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Jewish View of Wokeness

DEI - diversity, equity, and inclusion - blocks
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Kerby Andersonnever miss viewpoints

Bari Weiss is Jewish and the author of the book, How to Fight Anti-Semitism. She noticed something 20 years ago when she was a college student and started writing about an ideology that seemed to contradict everything she had been taught since she was a child.

She admits she may not have perceived the nature of this ideology if it had not been for the fact that she was a Jew. She noticed that she was being written out of the equation and that the whole system rested on an illusion. It was “a worldview that replaced basic ideas of good and evil with a new rubric: the powerless (good) and the powerful (bad).”

Over the past two decades, she has seen this inverted worldview swallow each institution in America. She has seen it in the universities. As a staff editor at The New York Times, she saw it pervade the media. She has seen it influence everything from major corporations to medical schools, law schools, and high schools.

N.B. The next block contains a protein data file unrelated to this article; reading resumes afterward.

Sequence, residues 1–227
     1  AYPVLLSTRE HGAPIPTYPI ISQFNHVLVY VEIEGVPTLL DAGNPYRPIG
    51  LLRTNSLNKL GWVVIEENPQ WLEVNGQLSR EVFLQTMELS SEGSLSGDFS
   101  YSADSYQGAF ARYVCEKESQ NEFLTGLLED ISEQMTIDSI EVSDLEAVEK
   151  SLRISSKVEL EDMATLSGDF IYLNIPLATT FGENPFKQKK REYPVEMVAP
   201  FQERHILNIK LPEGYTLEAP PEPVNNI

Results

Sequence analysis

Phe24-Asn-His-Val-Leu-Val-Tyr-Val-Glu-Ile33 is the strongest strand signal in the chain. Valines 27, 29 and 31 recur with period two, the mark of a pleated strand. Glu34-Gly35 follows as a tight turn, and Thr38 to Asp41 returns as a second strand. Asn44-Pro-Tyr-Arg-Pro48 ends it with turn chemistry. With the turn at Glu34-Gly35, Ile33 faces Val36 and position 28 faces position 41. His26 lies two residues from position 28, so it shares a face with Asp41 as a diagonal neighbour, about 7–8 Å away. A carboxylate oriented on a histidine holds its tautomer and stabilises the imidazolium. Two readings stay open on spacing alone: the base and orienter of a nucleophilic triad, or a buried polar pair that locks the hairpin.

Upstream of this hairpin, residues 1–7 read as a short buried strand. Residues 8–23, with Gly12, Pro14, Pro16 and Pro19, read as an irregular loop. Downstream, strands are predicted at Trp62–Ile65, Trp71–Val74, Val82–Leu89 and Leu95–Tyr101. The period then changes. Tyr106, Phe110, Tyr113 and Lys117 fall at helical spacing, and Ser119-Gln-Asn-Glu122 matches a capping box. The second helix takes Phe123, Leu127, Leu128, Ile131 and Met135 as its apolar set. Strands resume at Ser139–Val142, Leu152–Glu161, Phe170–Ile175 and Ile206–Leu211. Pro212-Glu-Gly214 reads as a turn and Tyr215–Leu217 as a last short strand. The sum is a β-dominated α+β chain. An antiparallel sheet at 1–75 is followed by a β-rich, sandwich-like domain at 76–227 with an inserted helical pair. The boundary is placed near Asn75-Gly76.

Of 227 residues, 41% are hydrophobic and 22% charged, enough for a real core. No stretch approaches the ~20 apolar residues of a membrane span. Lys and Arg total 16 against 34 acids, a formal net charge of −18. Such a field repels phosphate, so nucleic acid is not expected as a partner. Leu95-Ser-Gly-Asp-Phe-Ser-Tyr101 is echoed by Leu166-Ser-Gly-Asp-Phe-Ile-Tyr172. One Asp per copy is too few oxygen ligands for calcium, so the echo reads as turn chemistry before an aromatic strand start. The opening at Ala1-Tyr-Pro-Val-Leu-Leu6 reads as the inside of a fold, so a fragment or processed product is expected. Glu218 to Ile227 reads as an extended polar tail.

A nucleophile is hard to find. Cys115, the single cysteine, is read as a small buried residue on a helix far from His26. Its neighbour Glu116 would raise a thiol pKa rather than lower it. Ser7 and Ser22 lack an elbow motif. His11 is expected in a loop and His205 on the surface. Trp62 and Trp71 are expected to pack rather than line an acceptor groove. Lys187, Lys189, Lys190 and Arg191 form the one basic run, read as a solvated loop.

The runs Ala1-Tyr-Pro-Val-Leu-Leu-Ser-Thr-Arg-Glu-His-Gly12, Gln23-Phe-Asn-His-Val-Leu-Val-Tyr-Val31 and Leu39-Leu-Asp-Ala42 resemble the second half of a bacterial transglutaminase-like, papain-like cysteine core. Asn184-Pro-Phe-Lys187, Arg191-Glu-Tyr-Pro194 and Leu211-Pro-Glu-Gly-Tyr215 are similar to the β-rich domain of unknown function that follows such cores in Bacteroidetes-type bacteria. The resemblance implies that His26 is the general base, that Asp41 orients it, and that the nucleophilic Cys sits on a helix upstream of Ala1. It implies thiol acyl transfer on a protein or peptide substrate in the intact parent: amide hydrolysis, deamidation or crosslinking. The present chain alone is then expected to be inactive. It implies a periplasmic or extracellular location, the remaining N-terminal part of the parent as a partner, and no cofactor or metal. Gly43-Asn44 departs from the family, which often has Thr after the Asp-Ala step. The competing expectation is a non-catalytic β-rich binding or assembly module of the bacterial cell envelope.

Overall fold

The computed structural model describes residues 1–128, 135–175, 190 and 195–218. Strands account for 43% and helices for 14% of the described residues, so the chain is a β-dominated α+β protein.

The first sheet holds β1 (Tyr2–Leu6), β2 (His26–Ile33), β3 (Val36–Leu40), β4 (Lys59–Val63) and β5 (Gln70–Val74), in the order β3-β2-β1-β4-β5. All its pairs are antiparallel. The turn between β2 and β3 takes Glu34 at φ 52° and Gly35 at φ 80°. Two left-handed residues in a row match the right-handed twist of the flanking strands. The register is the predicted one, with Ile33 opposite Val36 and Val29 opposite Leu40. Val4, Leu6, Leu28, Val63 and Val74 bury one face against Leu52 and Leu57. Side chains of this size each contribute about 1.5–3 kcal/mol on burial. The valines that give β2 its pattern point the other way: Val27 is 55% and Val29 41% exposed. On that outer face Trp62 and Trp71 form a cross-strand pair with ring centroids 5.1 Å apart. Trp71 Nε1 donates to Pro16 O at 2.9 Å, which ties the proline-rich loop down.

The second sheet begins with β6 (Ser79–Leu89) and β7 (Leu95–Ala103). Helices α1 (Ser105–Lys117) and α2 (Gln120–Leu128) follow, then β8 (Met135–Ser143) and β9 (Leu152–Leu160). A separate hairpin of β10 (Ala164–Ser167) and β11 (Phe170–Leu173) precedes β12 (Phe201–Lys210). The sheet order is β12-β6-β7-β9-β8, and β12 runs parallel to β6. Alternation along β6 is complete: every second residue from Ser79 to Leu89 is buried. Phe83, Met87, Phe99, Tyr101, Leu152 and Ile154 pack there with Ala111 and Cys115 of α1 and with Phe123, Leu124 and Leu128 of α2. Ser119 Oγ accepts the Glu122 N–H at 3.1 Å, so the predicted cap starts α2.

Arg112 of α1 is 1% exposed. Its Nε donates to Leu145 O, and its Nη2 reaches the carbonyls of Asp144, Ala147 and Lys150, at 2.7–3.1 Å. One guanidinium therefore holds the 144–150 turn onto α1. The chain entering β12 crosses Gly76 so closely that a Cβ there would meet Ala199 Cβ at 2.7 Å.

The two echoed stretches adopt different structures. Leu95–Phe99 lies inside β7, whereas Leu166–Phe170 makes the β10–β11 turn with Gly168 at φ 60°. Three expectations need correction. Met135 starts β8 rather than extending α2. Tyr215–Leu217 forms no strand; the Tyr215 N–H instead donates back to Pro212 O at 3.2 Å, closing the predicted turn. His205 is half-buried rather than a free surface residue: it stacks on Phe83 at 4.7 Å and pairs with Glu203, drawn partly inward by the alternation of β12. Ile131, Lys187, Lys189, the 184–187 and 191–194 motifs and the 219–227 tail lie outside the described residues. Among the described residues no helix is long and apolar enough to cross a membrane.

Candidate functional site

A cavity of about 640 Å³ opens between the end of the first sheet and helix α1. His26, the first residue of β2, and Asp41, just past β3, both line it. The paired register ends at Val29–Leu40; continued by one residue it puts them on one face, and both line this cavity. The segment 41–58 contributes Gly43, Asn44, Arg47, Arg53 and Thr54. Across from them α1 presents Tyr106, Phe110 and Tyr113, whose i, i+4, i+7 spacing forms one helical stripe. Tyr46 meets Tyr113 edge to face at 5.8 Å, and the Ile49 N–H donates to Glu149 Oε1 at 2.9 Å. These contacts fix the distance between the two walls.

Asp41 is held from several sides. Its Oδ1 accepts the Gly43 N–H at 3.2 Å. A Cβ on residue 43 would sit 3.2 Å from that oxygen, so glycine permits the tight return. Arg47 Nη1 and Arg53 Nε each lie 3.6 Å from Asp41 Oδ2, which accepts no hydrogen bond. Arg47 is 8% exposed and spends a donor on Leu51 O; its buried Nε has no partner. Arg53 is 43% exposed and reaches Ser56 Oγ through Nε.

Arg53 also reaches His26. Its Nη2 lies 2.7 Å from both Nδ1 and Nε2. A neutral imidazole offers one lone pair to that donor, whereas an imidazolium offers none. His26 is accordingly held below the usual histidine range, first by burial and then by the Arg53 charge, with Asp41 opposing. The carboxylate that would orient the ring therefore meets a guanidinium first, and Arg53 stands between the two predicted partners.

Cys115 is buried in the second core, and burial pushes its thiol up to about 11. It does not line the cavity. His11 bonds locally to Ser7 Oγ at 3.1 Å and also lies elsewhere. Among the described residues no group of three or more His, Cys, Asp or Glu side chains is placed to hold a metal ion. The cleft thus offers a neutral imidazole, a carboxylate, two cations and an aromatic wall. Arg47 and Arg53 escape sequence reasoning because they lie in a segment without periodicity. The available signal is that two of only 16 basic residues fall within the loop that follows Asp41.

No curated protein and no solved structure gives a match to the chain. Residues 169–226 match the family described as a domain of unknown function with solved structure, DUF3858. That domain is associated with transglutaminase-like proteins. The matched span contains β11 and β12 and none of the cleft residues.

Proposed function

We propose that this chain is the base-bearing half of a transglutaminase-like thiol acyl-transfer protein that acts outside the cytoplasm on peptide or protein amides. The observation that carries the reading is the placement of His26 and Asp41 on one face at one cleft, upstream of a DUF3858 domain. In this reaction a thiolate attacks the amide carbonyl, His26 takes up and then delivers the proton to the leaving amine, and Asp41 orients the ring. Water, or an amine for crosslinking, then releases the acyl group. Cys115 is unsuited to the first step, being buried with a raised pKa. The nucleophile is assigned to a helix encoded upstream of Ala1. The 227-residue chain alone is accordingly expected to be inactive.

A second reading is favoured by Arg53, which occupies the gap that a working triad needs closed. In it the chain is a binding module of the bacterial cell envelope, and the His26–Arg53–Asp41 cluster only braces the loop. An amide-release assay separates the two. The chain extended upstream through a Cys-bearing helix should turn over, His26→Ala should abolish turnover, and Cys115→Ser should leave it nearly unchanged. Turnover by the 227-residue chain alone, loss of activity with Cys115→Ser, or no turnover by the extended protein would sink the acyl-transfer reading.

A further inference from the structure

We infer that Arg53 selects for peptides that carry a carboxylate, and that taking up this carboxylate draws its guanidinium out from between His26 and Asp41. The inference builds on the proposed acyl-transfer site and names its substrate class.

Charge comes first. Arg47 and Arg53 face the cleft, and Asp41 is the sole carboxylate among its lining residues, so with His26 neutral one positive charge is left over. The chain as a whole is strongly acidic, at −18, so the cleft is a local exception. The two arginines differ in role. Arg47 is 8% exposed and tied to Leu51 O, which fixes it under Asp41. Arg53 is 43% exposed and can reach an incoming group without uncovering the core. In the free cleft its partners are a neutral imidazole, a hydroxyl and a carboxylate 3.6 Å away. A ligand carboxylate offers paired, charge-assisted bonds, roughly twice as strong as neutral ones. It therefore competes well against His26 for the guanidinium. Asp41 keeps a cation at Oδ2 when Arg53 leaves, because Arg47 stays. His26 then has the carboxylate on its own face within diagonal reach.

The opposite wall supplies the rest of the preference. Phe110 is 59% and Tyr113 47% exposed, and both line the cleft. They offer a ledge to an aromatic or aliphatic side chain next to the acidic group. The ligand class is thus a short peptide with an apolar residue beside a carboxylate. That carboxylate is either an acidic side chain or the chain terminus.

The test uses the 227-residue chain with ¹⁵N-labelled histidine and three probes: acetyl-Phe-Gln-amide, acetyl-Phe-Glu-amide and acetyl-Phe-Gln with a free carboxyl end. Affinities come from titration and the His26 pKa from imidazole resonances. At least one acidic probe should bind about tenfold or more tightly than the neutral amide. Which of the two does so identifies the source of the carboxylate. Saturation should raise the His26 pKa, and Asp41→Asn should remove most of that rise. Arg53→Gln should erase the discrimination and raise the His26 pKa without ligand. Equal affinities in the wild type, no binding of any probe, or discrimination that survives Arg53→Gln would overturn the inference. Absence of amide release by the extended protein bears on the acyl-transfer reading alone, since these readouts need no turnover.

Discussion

It also showed up in the Jewish community. Important Jewish organizations accepted this worldview to signal solidarity with the fight for equal rights. The problem is that this worldview measures fairness by equality of outcome rather than opportunity.

If you haven’t figured it out by now, she is talking about wokeness and especially DEI,  “diversity, equity, and inclusion.” She acknowledges these three words represent noble causes but are camouflage and justification of arrogating power. That is why she says: “It is time to end DEI for good.”

Wokeness and DEI are undermining America and the principles that make this nation great. We should be fighting for those principles and against a social scoring system that punishes hard work and success.viewpoints new web version

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